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to russia? does it say, trump was negligent, for example, and allowed itself to be manipulated by russian intelligence operation. that may be the reason he is seeking to discredit it in advance because he knows in some manner it is going to be unflattering, it's going to be a scandal and it could result in an impeachment proceeding by the house of representatives. >> what do you know -- because the president said let it come out, let people see it. it's up to the attorney general. but he wants people to see the report. he wants tens of millions of people to see the report. just tell me from your understanding of the mechanics of how this happened -- happens. robert mueller submits a report to the attorney general william barr. then what happens? >> so, my reporting suggests that robert mueller is writing an unclassified summary and then a series of classified appendices. all of this in a confidential report that's going to go over to the attorney general. then the attorney general has to decide in what manner is he going to make what part of that public. and i think it's a near certainty he'll have to say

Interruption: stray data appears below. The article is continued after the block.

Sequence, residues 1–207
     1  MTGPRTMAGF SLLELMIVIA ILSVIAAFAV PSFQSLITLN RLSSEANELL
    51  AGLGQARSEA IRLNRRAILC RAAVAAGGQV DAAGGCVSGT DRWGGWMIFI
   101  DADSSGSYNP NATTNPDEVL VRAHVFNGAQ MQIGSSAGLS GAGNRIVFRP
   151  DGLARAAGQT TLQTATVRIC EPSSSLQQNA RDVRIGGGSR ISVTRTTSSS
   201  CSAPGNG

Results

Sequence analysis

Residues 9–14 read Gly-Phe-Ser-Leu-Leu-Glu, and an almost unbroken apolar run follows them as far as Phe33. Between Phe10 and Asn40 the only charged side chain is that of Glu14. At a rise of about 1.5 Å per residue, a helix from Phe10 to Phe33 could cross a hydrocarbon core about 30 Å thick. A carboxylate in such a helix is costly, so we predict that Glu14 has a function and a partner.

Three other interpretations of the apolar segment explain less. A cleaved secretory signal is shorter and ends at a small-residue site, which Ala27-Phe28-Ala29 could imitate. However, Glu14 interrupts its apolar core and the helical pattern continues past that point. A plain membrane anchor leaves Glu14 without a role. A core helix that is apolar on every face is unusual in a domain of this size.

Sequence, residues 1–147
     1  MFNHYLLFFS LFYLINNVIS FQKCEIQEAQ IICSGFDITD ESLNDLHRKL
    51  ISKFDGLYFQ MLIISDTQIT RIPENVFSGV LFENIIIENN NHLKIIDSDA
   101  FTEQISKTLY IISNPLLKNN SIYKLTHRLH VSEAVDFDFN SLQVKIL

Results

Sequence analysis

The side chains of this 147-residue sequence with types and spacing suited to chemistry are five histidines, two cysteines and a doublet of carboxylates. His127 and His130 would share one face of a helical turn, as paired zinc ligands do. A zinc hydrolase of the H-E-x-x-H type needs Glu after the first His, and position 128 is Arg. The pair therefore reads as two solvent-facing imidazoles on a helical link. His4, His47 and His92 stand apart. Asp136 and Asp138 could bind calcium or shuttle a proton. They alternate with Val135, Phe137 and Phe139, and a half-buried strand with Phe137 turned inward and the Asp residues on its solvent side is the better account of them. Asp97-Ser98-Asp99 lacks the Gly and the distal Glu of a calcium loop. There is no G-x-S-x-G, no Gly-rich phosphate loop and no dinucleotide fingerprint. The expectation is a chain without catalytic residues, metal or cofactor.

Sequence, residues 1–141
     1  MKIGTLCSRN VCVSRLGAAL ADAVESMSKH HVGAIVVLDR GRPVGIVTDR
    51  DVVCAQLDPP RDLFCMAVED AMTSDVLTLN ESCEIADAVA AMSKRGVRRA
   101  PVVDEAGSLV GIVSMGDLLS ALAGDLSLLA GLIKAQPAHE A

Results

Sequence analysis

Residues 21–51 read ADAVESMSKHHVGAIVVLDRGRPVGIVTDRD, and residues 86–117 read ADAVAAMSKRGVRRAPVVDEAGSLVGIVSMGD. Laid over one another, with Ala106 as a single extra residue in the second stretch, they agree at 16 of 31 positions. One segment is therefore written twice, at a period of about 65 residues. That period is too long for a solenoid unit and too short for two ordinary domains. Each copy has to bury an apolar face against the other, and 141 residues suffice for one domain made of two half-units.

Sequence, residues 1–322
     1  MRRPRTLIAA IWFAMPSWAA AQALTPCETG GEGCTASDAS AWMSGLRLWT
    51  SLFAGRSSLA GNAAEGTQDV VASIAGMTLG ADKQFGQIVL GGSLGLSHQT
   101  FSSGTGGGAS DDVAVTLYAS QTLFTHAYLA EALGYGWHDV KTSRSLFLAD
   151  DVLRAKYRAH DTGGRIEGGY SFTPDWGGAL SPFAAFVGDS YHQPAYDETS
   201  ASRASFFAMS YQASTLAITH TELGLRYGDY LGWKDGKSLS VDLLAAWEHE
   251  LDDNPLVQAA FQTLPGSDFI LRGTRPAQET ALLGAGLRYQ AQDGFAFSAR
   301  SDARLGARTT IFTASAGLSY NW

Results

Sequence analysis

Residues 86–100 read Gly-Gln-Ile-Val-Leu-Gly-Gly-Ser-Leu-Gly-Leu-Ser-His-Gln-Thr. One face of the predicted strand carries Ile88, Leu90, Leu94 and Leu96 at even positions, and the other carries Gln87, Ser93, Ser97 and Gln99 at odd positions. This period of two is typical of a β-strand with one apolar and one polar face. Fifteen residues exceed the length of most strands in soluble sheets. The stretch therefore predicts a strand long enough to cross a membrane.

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something because there will be a clamor from public and the congress. but it's also a certainty, ali and steph, that whatever barr says, summing up this report, it will not satisfy congressional democrats. they will senator obama tubpoen underlying confidential documents. they will want briefings on what mueller can't make public. i talked to adam schiff. quite apart from the mueller report, he expects to be briefed by the fbi on what were the results of their counter intelligence investigation on the president. they went down a road to look into the question whether donald trump was compromised by russia, and there is a legal requirement that they tell congress, in adam schiff's view, what information they gathered about that. it may be classified, it may be difficult for congress to talk about, but they are going to demand that information. >> danny savalas is here. there was a vote, nonbinding vote in the house the other day -- >> not the senate. >> not the senate, but it was overwhelmingly supported. nobody voted against it --